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Decline in dairy farms contributes to lost jobs in the USA

Nearly 90 workers will lose their jobs at a milk processing plant here that will close later this year because not enough milk is being produced locally to supply the operation.

Spokesmen for the dairy industry say the job loss is the reflection of a larger problem. Missouri — particularly Southwest Missouri — used to be one of the top milk producing regions in the nation.

But Missouri farmers have gone out of business because they can no longer afford to operate because of a combination of forces including high feed prices and the recent drought.

Because of the loss of local dairy farms, the Dairy Farmers of America processing plant was losing money because it could not run at full volume, said Larry Purdom, a member of the DFA board of directors.

“We were having to go out and get about half of it from western Kansas or Texas,” he said.

The DFA plant processes the milk and has a contract to supply cheese curd to Schreiber Foods in Monett.

“At the time we started with Schreiber’s we had enough milk, but that’s really changed in the last two years,” Purdom said. “Most of the dairy farms were in Southwest Missouri, which was hit really hard by the drought. A lot of dairy farmers have just given up and sold out.”

The DFA plant was leasing space from Schrieber Foods, which employs 120 workers, but that will be the only impact on Schreiber in Monett, said Andrew Tobisch, director of communications for the firm based in Green Bay, Wis.

He said the closing will not affect jobs at the Monett plant or other Schrieber plants in the region.

Monica Massey, vice president of communications and member relations at DFA, described workers at the plant as “skilled and hardworking.” She said plant officials expect some will be hired by Schrieber Foods and others will be offered jobs at DFA plants and other food companies in the region.

“They in no way contributed to the decision to close,” she said. “We’ll be working with them and with local and state labor departments to help them end up with other jobs.”

Purdom said the state lost 186 dairy farms to the drought and that the group most hard hit was “young farmers with a debt load.”

“That’s sad, because that’s the future of the industry,” he said.

The Monett plant is not the only one importing milk to Missouri, according to Dave Drennan, executive director of the Missouri Dairy Association. He said 60 percent of all the milk used in Missouri comes from outside the state.

He said the loss of dairy farms is part of a long-term trend that has escalated in recent years because of high feed prices and the drought.

Drennan said his groups and others for years have been sounding warnings about the decline of the dairy industry. He said some have stayed in farming but switched to raising beef. He said others have given up farming because of higher feed costs, the difficulty of hiring labor or of getting health insurance for the family unless one spouse is working off the farm.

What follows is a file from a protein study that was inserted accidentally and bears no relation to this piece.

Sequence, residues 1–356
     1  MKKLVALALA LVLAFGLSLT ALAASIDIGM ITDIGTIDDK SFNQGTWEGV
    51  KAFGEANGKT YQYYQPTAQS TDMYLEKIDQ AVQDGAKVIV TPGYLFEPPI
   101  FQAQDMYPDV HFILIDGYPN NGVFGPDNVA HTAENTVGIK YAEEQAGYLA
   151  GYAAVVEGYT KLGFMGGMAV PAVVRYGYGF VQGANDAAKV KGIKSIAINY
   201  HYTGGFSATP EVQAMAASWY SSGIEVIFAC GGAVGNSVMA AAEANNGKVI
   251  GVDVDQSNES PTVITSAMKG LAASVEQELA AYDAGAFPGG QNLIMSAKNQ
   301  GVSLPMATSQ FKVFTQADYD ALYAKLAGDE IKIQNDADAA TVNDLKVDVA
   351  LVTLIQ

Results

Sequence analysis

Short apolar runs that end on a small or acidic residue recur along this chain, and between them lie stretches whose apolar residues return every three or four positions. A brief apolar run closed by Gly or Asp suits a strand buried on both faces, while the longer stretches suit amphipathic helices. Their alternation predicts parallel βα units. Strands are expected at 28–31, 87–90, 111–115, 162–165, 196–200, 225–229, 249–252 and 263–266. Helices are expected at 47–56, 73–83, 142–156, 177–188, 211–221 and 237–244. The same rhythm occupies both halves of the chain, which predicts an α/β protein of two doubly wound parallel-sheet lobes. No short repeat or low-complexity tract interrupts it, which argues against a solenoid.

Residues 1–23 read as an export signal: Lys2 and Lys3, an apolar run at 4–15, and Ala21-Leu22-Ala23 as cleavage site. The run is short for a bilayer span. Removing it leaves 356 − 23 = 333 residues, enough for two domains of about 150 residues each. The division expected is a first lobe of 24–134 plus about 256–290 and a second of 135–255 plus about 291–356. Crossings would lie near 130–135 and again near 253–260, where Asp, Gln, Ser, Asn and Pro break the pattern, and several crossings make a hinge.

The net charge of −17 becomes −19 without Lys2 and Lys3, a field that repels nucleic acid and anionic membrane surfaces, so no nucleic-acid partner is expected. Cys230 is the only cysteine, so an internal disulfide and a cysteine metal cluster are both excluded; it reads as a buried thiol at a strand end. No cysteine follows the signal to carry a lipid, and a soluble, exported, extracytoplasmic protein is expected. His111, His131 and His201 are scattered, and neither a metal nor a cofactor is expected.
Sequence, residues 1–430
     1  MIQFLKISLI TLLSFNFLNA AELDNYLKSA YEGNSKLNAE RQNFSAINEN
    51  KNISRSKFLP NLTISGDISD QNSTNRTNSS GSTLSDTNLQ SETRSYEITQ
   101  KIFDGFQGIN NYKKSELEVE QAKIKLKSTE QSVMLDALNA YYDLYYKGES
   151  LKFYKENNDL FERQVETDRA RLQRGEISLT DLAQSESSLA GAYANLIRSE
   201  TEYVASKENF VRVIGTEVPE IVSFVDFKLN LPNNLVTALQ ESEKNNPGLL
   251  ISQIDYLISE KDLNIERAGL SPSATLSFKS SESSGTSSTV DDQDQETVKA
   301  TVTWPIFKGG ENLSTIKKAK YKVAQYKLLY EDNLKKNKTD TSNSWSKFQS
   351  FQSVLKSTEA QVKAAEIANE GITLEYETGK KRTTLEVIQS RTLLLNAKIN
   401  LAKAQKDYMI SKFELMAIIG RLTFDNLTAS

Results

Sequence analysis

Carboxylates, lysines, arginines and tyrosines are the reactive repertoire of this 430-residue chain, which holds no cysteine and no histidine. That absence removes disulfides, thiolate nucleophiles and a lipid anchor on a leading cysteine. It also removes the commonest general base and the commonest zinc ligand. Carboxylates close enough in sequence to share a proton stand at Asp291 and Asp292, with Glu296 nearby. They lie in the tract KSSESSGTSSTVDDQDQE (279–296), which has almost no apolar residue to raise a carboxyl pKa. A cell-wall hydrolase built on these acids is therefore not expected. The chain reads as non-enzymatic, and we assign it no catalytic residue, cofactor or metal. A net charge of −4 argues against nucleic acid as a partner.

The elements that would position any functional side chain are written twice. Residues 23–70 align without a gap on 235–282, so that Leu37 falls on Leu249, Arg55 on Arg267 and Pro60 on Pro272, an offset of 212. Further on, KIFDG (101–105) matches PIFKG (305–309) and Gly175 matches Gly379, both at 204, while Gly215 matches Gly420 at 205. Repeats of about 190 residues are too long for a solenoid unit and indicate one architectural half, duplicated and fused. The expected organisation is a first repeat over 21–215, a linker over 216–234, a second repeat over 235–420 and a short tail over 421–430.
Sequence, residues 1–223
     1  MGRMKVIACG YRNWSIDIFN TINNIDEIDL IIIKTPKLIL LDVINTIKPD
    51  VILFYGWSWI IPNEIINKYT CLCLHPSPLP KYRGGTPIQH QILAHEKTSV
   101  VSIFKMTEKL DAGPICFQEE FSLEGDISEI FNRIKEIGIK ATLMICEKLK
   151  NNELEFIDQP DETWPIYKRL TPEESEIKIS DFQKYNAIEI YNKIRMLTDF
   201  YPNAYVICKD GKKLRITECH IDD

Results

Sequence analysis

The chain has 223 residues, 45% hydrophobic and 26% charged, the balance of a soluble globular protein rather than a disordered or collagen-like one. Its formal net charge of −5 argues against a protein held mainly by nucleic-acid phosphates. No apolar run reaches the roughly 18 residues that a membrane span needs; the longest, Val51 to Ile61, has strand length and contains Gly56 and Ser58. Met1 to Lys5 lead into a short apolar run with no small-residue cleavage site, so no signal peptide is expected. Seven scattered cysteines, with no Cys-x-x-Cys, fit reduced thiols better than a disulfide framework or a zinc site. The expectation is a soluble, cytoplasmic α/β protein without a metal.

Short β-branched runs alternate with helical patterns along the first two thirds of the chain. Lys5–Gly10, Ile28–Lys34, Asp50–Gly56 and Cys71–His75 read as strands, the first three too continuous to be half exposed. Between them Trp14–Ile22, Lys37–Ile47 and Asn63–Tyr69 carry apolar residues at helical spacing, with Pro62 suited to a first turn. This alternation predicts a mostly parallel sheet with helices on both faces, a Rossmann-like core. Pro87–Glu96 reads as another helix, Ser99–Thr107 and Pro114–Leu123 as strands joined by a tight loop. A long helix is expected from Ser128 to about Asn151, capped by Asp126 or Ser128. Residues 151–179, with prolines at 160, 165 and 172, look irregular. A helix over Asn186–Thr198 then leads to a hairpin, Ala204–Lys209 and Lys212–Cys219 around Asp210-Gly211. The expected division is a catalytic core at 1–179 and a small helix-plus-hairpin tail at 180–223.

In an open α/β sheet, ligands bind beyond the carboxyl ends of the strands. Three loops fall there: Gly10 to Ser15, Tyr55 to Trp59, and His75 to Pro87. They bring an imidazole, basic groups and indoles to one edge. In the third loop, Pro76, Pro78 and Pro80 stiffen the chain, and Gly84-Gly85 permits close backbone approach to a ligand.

“The average-aged dairy farmer in Missouri is 58, and if the kids aren’t interested in the business, it makes it easy to sell out.”

The trend became a tipping point in recent years, Purdom said, because of the drought and the high cost of feed, particularly corn. He blamed demand from the ethanol industry for the higher corn prices.

“And when corn got so high, a lot of farmers plowed up their alfalfa and planted corn,” he said. “Then we got the drought and alfalfa prices doubled. It’s a ripple effect. When you don’t have farms and cows, you don’t have the milk production, the raw product for processing plants like the one in Monett.”

Drennan said the problem is not just a Missouri problem, but was accentuated here. Both he and Purdom said other states are doing more than Missouri to help the dairy industry.

“The only thing Missouri has done is the governor’s well drilling problem during the drought. But agriculture is economic development,” he said.

Lawmakers have looked for a way to help dairy farming and will continue to do so this session, said state Rep. Bill Reiboldt, R-Neosho, chairman of the House Agriculture Policy Committee.

“They tried to give them a tax credit in 2009, but there wasn’t enough money,” Reiboldt said. “We still want to find them some help.”

Reiboldt was a dairy farmer for 21 years.

“I’d certainly rather have my dairy products come from a family farm in Missouri than from out of state,” he said.

By the numbers
In 1975, Missouri had 21,000 dairy farms with 302,000 dairy cows. Today, there are about 2,000 farms and 93,000 cows, according to the Missouri Dairy Association.

Source: The Joplin Globe

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